Royster had a more positive assessment. She told the post office that it was normal that federal grant money was not spent in the first year, and pointed to the use of the money she said had been successful: about $ 200,000 spent on posters, warned drug users of fentanyl and promoted naloxone.

She admitted that her agency did not apply proven strategies that other governments had adopted, but said that this was more of a strength than a weakness. The city's approach was tailored to the particular population of older, African-American heroin users.

"We are not behind the curve. I'd say we're in front of the curve, "Royster said," and you can rest assured we're not just doing what everyone else is doing, we're doing what's important to D.C. "

In response to The Post's questions about the district's use of subsidy funds, SAMHSA spokesman Brian Dominguez said beneficiaries of grants are "flexible enough to design their systems and plans."

On November 30, after her interview with The Post and before this article was published, Royster was dismissed from office by the mayor. An official from the Bowser administration who talked about the condition of anonymity to discuss a personnel issue said the mayor was frustrated at the slowness of the agency's responses to various issues, including overdoses of drugs.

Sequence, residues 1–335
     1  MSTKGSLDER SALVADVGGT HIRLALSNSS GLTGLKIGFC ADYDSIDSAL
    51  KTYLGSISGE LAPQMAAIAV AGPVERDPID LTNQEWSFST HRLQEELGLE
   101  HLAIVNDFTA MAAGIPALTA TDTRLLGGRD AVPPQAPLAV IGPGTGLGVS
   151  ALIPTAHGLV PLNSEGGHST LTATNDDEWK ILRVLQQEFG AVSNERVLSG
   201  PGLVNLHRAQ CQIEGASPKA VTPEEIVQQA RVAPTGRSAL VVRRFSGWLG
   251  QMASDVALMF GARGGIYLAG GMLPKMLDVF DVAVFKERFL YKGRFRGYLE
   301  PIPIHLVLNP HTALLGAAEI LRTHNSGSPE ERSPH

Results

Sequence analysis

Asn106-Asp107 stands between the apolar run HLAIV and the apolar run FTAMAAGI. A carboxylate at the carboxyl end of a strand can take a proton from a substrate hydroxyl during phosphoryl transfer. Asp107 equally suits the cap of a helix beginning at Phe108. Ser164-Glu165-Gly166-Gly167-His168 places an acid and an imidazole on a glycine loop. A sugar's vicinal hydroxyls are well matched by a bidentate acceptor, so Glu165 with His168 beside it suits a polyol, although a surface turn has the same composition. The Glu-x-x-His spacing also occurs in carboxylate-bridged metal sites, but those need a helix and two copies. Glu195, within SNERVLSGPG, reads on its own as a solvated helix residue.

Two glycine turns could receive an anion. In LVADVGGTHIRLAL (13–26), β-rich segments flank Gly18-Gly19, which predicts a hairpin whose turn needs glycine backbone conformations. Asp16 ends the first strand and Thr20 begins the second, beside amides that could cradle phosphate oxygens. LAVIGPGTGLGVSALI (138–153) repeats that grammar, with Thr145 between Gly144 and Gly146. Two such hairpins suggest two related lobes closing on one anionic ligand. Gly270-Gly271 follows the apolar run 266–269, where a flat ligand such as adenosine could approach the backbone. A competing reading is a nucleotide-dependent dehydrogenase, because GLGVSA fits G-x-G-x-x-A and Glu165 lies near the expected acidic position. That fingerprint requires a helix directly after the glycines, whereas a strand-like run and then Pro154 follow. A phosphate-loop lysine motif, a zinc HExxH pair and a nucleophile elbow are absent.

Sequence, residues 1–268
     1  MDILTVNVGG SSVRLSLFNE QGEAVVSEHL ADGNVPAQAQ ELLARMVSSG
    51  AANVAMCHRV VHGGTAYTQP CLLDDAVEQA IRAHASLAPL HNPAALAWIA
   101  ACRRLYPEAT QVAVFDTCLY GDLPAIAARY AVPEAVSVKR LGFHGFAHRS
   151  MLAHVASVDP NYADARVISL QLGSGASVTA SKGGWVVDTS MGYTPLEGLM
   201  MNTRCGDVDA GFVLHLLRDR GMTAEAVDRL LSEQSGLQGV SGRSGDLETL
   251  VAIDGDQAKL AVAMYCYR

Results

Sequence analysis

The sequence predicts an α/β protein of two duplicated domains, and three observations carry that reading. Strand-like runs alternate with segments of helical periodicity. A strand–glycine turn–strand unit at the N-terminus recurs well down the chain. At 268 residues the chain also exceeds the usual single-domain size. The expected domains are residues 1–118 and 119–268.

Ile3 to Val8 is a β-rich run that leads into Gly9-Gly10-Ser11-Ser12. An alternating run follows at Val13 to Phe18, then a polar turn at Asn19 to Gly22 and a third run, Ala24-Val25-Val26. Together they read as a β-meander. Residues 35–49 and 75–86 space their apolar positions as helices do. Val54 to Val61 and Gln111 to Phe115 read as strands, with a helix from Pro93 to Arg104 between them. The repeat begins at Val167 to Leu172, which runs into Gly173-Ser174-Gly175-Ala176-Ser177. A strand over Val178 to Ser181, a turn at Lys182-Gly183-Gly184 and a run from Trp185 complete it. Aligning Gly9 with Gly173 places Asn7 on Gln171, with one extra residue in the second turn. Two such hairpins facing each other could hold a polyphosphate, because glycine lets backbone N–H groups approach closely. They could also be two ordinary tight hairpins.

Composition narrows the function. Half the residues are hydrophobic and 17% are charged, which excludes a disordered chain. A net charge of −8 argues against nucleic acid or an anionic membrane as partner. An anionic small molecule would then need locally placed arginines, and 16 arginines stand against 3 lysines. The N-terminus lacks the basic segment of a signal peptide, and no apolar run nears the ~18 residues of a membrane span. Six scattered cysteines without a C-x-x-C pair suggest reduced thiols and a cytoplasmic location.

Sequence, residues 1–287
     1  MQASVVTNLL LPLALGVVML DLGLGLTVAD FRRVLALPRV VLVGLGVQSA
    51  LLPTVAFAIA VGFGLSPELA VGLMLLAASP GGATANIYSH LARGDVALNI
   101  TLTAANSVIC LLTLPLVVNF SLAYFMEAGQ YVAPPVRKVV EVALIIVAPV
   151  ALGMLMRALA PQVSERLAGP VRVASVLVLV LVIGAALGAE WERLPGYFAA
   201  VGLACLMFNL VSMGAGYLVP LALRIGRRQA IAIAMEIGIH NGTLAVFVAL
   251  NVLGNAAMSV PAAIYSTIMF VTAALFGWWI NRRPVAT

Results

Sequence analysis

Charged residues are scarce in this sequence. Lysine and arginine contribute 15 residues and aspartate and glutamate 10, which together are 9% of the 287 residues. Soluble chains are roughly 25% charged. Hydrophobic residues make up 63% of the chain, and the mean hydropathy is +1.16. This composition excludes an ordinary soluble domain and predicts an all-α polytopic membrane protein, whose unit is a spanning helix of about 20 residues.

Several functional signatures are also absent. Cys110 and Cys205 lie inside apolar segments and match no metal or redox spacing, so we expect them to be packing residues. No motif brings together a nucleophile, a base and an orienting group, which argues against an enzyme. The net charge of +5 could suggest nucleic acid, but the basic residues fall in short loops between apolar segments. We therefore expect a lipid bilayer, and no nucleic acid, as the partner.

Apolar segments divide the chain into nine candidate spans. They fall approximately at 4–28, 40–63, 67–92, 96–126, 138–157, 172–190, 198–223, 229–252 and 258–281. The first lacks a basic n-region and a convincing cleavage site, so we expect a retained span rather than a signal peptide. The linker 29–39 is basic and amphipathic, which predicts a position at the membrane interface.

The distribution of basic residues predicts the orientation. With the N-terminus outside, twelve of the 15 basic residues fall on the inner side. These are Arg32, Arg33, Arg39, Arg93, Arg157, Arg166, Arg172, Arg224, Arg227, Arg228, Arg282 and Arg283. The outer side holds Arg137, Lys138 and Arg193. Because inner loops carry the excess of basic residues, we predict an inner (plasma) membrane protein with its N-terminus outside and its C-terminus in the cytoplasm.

Bowser selected Nesbitt, who will continue to run the Ministry of Health while temporarily overseeing the Behavioral Health Department.

(André Chung for The Washington Post)

Just Another Day

Heroin user Eugene Short, 47, strips copper wire outside the FMCS pinwheel. Proponents say that four years after the increase in overdose deaths among African Americans, the recent improvements in the city's opioid response have come too late.

There is at least one precedent for a more successful opioid program managed by city authorities. Last year, the Ministry of Health began with $ 1.7 million to help clinics hire and train medical staff for buprenorphine programs. Five clinics have been funded with Howard University Hospital.

The money was a factor in the rapid expansion of addiction treatment providers in the district. According to SAMHSA data, the federal government has certified at least 150 new buprenorphine prescribers with a capacity to treat 5,550 patients in the last two years.

D.C. extended opioid addiction

treatment options, but